29. March 2021 · Comments Off on BCHA -Newsletters 2021 (Winter & Spring) · Categories: BCHI /BCHA



28. March 2021 · Comments Off on ITA – Rapid River Wild & Scenic River Corridor · Categories: Public Lands

As an organization that cares about Idaho’s wild places, we want to let you know about an opportunity to speak up for a special area of Idaho.

The Payette National Forest is seeking comment on a travel management plan for Rapid River, which includes the Rapid River Wild and Scenic River corridor that is popular with hikers because of its incredible views and unique plant life. A description of the area from the Forest Service’s website states “The absence of roads and other development has helped keep this river one of the clearest and cleanest in the area.” A gateway to the Seven Devils, ITA routinely has projects in this incredible place.

The proposal being considered by the Forest Service would allow motorized and mechanized use on certain trails to the boundary of the Wild and Scenic River corridor. At the boundary, signs would be installed in turnaround areas stating that non-motorized use only is allowed in the corridor itself.

As advocates of non-motorized trail use, we at ITA believe this proposal is not in the best interest of the hiking community and that the Payette National Forest should consider an additional alternative in this project that designates all trails in this area as non-motorized. The Forest Service is looking for public feedback regarding this new plan. You can read the full plan here. If you recreate in this beautiful area, please consider making your voice heard about this issue by leaving your comments for the Forest Service.

Thank you for supporting ITA as we advocate for Idaho’s trails. We believe that YOUR voice matters when it comes to the management of public lands!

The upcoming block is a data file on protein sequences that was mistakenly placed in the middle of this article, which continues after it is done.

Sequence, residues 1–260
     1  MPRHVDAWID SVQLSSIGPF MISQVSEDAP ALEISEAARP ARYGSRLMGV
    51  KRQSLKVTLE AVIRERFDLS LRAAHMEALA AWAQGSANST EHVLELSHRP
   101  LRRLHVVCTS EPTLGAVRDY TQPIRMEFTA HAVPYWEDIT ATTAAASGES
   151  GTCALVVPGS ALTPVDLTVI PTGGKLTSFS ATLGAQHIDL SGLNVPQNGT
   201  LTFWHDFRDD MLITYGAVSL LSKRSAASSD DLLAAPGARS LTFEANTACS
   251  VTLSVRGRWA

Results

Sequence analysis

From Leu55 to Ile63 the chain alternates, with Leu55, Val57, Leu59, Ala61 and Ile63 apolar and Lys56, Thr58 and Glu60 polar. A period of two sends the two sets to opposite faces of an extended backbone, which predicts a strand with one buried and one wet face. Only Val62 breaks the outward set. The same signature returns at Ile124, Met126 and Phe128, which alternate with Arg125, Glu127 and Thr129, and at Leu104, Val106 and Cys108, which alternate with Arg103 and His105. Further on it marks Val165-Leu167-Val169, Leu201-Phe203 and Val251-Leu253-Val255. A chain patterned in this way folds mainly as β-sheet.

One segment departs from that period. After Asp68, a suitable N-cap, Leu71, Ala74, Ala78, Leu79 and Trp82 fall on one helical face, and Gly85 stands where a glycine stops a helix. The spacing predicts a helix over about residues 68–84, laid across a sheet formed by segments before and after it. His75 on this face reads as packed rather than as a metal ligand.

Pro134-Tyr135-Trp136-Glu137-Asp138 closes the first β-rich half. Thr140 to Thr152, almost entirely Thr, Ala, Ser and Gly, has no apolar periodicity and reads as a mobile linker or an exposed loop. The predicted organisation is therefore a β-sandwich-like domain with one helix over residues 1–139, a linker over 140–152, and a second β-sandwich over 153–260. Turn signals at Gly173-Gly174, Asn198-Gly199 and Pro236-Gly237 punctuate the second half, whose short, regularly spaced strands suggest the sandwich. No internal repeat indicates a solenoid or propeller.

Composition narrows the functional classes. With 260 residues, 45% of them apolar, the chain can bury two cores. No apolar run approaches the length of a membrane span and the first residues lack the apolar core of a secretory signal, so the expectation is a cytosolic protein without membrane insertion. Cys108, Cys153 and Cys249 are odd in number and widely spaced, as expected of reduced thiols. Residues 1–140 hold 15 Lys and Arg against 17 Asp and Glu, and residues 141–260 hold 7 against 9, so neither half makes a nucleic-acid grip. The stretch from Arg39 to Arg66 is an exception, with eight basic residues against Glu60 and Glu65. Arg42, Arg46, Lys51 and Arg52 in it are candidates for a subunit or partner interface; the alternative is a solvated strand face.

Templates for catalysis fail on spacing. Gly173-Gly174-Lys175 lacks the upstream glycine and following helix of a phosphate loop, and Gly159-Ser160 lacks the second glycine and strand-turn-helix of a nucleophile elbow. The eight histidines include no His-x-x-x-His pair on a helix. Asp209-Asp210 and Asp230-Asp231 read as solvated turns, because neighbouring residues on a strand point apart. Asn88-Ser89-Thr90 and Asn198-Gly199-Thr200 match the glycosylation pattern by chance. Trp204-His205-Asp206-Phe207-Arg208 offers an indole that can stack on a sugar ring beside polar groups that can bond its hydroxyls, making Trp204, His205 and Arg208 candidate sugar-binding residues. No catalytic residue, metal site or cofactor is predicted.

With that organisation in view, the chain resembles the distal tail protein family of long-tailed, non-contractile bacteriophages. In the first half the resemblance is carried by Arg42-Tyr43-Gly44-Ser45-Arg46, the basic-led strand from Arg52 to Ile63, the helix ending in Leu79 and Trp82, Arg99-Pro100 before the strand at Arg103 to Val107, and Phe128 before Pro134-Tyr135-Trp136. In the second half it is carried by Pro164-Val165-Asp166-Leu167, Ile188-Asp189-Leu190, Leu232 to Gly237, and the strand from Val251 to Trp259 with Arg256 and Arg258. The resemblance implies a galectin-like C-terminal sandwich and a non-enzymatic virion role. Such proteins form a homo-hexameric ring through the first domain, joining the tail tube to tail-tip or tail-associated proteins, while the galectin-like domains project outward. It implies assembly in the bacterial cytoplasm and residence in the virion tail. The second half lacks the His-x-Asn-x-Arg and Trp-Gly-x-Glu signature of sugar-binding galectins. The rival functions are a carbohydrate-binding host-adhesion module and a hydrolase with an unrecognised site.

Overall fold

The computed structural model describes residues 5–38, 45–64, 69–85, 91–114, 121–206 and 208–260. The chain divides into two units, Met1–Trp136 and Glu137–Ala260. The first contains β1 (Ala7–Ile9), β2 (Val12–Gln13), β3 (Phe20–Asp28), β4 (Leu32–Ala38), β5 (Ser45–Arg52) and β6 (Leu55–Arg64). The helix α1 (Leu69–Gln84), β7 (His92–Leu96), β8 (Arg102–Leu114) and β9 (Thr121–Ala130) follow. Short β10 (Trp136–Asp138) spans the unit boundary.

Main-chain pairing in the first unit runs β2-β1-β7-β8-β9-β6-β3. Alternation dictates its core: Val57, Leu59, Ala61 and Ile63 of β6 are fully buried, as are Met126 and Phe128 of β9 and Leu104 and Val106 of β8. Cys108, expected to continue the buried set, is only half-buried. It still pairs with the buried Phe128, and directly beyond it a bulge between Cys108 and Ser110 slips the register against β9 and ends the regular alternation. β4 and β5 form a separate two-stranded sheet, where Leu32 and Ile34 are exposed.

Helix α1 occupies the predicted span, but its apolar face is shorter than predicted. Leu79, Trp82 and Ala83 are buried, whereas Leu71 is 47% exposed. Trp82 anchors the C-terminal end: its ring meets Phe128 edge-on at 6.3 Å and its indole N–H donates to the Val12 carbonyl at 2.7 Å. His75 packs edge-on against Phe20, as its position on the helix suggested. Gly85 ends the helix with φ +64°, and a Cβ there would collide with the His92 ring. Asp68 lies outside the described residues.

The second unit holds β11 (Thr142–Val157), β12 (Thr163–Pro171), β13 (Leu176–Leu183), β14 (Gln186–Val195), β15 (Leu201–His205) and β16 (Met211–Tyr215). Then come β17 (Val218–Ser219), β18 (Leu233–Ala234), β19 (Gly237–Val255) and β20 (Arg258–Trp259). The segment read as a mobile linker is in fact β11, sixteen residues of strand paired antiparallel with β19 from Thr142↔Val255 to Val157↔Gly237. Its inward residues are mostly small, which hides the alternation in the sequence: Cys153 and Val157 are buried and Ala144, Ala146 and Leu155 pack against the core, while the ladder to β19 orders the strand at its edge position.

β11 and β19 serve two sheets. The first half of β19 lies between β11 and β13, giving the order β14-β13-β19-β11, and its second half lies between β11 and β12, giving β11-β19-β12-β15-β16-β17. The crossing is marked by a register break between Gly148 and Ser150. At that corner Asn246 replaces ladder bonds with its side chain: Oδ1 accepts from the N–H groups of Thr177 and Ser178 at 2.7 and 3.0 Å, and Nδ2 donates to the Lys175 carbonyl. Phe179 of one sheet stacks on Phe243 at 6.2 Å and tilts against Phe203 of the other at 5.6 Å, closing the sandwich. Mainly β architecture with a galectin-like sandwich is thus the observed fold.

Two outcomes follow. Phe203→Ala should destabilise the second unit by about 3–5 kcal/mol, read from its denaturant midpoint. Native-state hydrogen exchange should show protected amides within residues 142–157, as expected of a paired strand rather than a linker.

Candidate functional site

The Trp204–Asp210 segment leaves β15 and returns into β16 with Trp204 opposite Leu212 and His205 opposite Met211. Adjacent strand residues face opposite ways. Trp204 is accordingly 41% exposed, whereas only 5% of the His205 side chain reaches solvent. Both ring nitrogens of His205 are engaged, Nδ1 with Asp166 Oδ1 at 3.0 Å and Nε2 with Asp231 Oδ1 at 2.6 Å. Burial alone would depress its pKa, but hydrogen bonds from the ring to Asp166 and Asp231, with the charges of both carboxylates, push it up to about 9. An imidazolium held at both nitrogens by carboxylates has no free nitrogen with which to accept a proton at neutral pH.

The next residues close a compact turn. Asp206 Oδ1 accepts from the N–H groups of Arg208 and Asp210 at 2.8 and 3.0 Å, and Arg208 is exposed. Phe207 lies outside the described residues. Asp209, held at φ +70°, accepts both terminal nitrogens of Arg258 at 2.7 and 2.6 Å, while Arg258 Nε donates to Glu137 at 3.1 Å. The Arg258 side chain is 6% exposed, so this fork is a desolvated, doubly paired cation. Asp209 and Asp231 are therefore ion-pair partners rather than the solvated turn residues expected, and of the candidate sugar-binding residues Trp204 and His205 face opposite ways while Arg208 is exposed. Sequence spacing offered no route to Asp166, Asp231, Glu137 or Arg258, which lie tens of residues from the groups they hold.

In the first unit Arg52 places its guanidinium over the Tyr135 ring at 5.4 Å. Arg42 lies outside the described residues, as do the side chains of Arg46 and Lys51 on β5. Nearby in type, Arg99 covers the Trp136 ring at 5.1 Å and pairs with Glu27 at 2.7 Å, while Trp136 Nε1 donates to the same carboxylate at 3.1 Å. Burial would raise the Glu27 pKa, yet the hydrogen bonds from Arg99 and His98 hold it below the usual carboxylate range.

What is the purpose of and need for this project?  Payette National Forest

We propose this project to review the designated use1 of sections of National Forest System trails 177,
183, 184, 187, 188, and 362 within and immediately adjacent to the Rapid River Wild River corridor, and
to update the forest’s summer motor vehicle use map (“MVUM”; USDA Forest Service 2020)
accordingly. The 23 miles of trail under review of this project include (figure 1 on page 7):

• Rapid River Trail 177: From the junction with trail 229 in Township 21 North, Range 1 West,
Section 31, then northeast approximately 12 miles to the forest boundary in Township 22 North,
Range 1 West, Section 11.

• North Star Trail 183: From the junction with trail 178 in Township 21 North, Range 1 West,
Section 16, then northwest approximately three miles to the junction with trail 177 in Township
21 North, Range 1 West, Section 5.

• Indian Spring Trail 184: From the junction with trail 178 in Township 21 North, Range 1 West,
Section 21, then west approximately two miles to the junction with trail 177 in Township 21
North, Range 1 West, Section 20.

• Echols Ridge Trail 187: From the junction with trail 328 in Township 21 North, Range 1 West,
Section 7, then northeast approximately two miles to the junction with trail 177 in Township 21
North, Range 1 West, Section 5.

• Black Lake Creek Trail 188: From the junction with trail 191 in Township 21 North, Range 2
West, Section 2, then southeast approximately three miles to the junction with trail 177 in
Township 21 North, Range 1 West, Section 5.

• Cub Creek Trail 362: From the junction with trails 328 and 517, located within Township 21
North, Range 1 West, Section 19; then easterly approximately one mile to the junction with trail
177, located within Township 21 North, Range 1 West, Section 20.


24. March 2021 · Comments Off on Bird Feeders & suspected outbreak of salmonellosis · Categories: Around The Campfire, Current Events

Area bird lovers asked to temporarily remove and clean bird feeders due to a suspected outbreak of salmonellosis

Thursday, March 11, 2021 – 3:47 PM MST

Wild birds that frequent feeders in the winter can be especially susceptible to disease outbreaks of salmonellosis, due to the large numbers of birds coming to feeders.

Outbreaks associated with bird feeders may cause high mortality across large geographic areas. Currently, this outbreak is affecting wild birds in Idaho, Oregon, California, Washington, and even into British Columbia, Canada.

In an effort to reduce the potential transmission of salmonellosis locally, Idaho Fish and Game recommends that those who have bird feeders in their yards temporarily discontinue all feeding of wild birds for at least a few weeks.
“Although stopping feeding may seem like it will harm birds, in reality, they use feeders as just one source of food and will quickly disperse to find other food sources and in so doing, reduce transmission of this disease at feeding sites,” says Idaho Fish and Game’s Regional Diversity Biologist Tempe Regan.